4) When the subwoofers are close to the turntables, there is a greater chance of this happening, which is one reason why I recommended moving the subs to the corner of the room, away from the DJ stand.

Drop the needle on the record: That stone is dropped into the groove of a vinyl record, the sides of which have textures pressed into them such that when the vinyl is scraped over the surface of the diamond, it moves microscopic distances back and forth at exactly the frequencies (notes) and intensities (volume) that are intended to be reproduced. These tiny movements move the magnet at the other end of the rod and those movements are precisely amplified to reproduce the music recorded on the vinyl.

There are important points to consider here:

1) If the needle moves at all, by any cause, that movement will create a signal, and that signal will be picked up and amplified by each subsequent step in the signal chain.

2) If the turntable, the turntable stand, the stage floor or the hand touching the record moves, that needle moves, and a signal is produced.

3) These movements happen at very low frequencies, below the frequencies that humans can hear and below the frequencies at which speakers can safely operate.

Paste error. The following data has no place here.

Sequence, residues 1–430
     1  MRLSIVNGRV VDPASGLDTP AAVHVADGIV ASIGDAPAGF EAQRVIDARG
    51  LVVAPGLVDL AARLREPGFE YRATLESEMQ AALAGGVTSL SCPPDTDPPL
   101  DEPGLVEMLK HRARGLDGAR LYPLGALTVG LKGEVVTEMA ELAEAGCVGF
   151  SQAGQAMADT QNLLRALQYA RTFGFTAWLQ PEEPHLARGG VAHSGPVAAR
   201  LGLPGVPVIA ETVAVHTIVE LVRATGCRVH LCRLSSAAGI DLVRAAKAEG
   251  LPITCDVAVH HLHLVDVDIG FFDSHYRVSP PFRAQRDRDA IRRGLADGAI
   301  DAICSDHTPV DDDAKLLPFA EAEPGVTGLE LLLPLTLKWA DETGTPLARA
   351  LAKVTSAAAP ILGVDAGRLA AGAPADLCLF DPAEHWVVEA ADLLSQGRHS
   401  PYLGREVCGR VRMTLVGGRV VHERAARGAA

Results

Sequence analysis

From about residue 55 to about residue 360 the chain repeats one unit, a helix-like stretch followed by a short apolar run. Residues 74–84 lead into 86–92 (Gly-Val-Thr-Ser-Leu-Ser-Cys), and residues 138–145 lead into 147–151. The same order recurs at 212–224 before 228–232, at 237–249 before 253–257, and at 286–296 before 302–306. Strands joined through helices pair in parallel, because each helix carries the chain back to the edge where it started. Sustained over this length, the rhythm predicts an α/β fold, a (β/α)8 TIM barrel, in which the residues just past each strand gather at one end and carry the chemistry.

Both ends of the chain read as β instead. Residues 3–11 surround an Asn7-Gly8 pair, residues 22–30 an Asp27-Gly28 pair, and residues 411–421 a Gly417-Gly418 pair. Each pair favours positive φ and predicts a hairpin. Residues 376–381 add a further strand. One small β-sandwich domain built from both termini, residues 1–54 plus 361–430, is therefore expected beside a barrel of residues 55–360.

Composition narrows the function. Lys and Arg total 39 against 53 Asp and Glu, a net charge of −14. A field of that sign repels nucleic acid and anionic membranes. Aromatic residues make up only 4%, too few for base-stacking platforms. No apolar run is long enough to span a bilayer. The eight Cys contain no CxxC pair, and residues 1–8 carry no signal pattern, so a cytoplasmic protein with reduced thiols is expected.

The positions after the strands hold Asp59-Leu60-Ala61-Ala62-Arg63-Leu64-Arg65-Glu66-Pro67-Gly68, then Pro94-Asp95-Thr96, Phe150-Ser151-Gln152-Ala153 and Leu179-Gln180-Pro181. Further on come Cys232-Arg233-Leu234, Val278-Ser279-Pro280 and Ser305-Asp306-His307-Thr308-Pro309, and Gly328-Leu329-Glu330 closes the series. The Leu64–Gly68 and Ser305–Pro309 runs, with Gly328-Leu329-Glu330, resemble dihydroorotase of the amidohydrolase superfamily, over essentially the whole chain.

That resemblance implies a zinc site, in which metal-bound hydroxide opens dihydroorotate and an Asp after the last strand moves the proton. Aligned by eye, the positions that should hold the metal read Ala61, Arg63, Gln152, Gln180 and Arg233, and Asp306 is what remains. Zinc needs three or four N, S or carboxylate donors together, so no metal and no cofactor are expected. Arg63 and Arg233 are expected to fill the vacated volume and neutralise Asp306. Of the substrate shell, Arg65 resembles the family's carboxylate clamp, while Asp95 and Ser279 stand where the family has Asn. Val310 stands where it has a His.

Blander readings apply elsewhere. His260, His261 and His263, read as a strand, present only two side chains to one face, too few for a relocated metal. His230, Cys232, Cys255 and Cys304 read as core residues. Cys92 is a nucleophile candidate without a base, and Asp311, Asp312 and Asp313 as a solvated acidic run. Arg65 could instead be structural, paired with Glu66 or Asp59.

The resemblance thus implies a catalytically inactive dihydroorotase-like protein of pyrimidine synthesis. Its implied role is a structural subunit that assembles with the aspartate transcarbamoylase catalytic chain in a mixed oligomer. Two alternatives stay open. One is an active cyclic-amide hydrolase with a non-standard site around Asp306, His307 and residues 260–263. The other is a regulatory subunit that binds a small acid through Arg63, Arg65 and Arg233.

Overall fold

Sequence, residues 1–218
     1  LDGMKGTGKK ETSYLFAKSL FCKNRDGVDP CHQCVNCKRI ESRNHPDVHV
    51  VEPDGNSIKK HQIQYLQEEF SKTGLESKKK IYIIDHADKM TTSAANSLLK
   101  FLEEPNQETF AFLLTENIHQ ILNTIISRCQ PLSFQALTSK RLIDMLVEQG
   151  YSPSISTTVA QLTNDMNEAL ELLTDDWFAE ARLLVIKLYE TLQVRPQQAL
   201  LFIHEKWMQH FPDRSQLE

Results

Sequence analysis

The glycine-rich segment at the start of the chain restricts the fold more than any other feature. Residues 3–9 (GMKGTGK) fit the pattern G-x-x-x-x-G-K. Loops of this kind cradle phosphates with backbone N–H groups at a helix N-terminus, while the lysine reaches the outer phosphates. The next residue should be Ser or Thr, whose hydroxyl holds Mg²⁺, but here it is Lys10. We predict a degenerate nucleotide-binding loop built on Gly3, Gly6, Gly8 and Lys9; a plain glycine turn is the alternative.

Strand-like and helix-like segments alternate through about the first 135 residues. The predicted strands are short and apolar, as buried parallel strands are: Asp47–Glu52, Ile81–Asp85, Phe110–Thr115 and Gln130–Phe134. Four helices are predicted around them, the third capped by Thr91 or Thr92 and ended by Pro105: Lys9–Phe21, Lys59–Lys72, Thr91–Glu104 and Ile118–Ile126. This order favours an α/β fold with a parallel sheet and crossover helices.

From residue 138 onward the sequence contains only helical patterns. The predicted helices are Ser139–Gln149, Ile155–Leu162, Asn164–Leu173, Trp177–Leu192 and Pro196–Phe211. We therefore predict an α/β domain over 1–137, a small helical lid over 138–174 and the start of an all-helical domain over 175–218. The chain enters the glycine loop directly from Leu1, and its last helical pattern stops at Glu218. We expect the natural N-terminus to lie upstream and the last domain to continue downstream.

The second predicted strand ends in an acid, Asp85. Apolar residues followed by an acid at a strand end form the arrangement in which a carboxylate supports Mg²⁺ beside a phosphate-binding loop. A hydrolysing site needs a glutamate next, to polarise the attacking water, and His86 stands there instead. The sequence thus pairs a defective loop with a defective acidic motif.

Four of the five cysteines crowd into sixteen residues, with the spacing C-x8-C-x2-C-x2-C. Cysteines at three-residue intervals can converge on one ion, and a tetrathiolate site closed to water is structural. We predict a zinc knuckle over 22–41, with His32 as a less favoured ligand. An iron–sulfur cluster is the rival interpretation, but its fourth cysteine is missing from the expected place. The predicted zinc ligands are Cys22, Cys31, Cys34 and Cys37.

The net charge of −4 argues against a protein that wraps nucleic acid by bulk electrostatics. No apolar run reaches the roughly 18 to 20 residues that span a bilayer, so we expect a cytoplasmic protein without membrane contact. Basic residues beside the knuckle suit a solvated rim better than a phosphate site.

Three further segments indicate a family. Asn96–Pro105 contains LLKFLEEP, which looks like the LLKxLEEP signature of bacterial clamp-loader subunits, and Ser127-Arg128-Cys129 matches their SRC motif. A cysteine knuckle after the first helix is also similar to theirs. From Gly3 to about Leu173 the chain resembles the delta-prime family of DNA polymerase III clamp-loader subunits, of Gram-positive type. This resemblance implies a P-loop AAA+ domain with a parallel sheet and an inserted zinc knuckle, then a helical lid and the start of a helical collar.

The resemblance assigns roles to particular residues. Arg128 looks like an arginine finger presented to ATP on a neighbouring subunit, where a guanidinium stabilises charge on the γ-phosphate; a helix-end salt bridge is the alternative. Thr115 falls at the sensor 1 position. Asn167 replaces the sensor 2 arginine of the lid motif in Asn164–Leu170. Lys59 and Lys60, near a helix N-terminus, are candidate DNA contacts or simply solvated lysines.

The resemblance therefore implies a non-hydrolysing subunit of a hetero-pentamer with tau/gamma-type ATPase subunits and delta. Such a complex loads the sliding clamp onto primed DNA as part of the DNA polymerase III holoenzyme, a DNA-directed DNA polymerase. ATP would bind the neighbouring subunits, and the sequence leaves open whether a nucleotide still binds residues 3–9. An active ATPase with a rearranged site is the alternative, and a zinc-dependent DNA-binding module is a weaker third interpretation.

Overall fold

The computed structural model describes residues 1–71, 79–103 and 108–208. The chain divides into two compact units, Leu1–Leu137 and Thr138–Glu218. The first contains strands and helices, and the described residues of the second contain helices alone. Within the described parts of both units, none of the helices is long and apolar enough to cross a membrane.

4) These movements are inevitably much larger in scale than the tiny movements that turntable needles are intended to encounter, so the effect is that the signal produced by these unintentional movements is far, far bigger and more powerful than anything that could be recorded onto the record(s).

Within the speakers, limiters are implemented to prevent over-powering the woofers under normal circumstances. In addition, frequencies below their normal operating ranges are filtered out. With tops boxes, the filters are high enough to keep the woofers in them out of trouble from these issues. This is one of the reasons it’s possible to determine that the source of the problems with your system are related to out-of-control signals at extremely low frequencies.